DeFi protocol Curve Finance has reported an exploit on its site. The alert was first raised by paradigm researcher "samczsun," who reported that the Curve Finance frontend was compromised and, hence, warned users against its use. The team behind the protocol immediately alerted users while stating they were investigating the matter.
Dear @iwantmyname, looks like something is compromised on your side (most likely, name servers - they seem to override what the UI tells them to serve). Please do something.— Curve Finance (@CurveFinance) August 9, 2022
For everyone else: we switched nameserver, but don't rush to use https://t.co/vOeMYOTq0l - wait a bit
The problem, which seemed to be an attack on the service's nameserver and frontend, was quickly identified by the team. Curve said through Twitter that their exchange appeared to be untouched by the hack as it uses a different domain name system (DNS) provider.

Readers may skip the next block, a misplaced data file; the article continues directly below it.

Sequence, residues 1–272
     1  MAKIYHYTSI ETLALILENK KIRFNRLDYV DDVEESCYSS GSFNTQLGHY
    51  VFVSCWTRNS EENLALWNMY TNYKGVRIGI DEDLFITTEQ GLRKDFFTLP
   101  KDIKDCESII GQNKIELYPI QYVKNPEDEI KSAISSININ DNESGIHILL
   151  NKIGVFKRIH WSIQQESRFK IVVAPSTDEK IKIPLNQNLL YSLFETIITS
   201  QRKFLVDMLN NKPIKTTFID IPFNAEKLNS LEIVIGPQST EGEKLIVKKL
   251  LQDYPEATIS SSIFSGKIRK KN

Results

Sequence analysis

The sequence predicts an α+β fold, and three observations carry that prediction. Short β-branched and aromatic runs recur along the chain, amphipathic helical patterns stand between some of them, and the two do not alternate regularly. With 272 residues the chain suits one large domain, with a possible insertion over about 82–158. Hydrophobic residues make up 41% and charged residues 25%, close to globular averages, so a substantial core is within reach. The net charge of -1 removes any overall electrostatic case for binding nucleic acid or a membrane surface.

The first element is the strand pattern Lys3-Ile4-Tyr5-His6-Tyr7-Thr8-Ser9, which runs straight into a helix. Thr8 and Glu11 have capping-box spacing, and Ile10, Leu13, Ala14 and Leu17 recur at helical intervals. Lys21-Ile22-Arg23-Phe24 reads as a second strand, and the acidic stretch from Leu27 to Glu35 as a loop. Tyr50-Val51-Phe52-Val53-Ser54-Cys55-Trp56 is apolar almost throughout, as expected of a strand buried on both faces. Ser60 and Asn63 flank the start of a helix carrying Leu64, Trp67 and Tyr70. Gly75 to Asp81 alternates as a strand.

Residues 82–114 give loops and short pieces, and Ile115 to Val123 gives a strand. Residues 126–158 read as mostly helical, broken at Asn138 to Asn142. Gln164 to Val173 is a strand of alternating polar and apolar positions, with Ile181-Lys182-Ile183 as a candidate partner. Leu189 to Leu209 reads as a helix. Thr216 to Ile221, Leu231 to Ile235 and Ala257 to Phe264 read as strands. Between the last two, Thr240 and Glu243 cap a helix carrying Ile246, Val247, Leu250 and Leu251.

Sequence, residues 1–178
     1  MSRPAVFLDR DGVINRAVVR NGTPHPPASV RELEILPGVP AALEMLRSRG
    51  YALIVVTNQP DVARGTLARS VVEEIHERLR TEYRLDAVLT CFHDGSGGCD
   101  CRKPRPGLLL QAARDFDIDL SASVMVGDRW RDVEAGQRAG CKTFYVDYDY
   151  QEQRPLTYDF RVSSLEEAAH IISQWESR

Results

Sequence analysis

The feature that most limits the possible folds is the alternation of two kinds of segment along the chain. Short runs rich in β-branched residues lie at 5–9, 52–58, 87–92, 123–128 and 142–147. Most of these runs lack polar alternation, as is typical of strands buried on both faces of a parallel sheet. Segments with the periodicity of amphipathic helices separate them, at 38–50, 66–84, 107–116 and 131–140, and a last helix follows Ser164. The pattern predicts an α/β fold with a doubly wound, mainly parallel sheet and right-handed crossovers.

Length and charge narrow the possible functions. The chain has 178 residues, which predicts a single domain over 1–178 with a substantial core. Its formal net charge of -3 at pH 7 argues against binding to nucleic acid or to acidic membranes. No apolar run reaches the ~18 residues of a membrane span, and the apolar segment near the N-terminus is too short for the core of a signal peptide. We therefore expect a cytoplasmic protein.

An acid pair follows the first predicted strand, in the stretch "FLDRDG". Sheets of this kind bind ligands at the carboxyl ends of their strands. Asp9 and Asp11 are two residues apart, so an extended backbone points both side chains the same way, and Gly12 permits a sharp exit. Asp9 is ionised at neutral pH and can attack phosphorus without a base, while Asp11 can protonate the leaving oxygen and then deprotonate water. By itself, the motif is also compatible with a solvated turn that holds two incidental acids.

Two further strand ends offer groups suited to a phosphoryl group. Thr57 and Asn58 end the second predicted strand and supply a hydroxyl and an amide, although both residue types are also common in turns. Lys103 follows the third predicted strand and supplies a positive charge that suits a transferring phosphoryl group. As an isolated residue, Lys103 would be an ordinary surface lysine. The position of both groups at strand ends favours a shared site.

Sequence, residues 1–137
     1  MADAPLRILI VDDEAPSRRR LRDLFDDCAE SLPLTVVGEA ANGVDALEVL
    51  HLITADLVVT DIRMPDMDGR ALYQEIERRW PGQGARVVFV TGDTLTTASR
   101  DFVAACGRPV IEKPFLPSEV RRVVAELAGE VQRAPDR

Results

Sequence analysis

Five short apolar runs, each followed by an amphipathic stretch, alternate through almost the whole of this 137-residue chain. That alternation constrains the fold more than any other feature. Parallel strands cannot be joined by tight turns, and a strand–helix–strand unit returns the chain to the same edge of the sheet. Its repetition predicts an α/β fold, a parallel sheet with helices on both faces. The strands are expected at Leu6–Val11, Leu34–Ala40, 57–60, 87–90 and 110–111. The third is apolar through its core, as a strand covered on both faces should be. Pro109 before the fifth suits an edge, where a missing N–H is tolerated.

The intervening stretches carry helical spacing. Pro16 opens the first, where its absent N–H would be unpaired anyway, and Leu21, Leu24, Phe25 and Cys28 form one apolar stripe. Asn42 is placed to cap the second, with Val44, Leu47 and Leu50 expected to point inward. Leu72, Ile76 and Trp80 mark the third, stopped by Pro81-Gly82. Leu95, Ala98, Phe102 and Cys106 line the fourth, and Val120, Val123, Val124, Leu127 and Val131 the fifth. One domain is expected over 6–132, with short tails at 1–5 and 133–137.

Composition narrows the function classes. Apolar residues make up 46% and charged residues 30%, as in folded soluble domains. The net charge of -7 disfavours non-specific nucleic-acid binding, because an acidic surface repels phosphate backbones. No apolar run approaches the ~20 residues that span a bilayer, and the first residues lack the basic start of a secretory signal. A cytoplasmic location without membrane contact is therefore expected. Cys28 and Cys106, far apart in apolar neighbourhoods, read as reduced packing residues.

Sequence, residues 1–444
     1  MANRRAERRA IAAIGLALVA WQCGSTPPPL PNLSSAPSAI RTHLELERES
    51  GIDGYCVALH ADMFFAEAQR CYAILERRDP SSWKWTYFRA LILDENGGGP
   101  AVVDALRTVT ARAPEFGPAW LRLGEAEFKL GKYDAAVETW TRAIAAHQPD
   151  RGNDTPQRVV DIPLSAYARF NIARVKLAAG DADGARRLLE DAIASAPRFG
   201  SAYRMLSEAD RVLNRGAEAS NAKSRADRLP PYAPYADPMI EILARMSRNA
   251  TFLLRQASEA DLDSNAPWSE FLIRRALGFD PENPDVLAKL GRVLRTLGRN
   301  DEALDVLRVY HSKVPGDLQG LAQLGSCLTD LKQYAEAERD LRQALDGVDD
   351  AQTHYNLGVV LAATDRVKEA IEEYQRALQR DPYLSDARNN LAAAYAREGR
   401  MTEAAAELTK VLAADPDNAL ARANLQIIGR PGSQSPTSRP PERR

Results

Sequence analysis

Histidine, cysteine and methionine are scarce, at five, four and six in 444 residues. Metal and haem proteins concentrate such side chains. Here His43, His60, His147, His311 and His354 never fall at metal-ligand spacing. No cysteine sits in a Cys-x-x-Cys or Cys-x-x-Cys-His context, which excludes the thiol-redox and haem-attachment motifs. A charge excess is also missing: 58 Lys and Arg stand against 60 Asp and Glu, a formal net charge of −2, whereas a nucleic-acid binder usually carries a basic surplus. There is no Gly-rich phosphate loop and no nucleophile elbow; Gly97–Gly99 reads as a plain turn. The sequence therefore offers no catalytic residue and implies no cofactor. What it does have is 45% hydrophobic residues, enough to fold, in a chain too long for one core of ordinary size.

Don't use the frontend yet. Investigating! https://t.co/8kmtpGsLQQ— Curve Finance (@CurveFinance) August 9, 2022
Additionally, it warned that Iwantmyname, the DNS server provider, had been compromised and that its nameserver had been changed as a result.
Don't use https://t.co/vOeMYOTq0l site - nameserver is compromised. Investigation is ongoing: likely the NS itself has a problem— Curve Finance (@CurveFinance) August 9, 2022
In a Twitter post, Steven Ferguson, the founder of TCPshield, recounts what happened during the breach. The alleged hacker altered the protocol's DNS record, redirecting users to a false clone and approving a malicious contract.
Upon initial investigation, this did not appear to be a hijack at the registrar level, but rather systems at @iwantmyname compromised themselves.— Steven Ferguson (@szferguson) August 9, 2022
But the team moved fast to solve the problem. After issuing the original warning, Curve announced that it had identified and fixed the problem and advised users to "immediately" withdraw any contracts they had just approved. Additionally, it made clear which contract needed to be revoked.
According to reports, over $570,000 were stolen in the brief attack.